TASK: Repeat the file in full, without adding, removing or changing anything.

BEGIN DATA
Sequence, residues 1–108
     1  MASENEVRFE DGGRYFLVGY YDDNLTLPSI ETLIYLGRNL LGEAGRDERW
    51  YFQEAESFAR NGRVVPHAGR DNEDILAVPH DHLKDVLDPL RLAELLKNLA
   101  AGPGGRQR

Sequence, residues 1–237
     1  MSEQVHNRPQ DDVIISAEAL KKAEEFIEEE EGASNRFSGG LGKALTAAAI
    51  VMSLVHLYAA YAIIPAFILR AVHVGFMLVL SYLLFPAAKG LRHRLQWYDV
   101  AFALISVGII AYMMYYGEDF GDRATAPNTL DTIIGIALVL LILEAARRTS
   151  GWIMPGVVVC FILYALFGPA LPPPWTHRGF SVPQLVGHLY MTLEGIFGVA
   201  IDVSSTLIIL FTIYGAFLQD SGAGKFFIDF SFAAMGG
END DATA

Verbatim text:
Sequence, residues 1–108
     1  MASENEVRFE DGGRYFLVGY YDDNLTLPSI ETLIYLGRNL LGEAGRDERW
    51  YFQEAESFAR NGRVVPHAGR DNEDILAVPH DHLKDVLDPL RLAELLKNLA
   101  AGPGGRQR

Sequence, residues 1–237
     1  MSEQVHNRPQ DDVIISAEAL KKAEEFIEEE EGASNRFSGG LGKALTAAAI
    51  VMSLVHLYAA YAIIPAFILR AVHVGFMLVL SYLLFPAAKG LRHRLQWYDV
   101  AFALISVGII AYMMYYGEDF GDRATAPNTL DTIIGIALVL LILEAARRTS
   151  GWIMPGVVVC FILYALFGPA LPPPWTHRGF SVPQLVGHLY MTLEGIFGVA
   201  IDVSSTLIIL FTIYGAFLQD SGAGKFFIDF SFAAMGG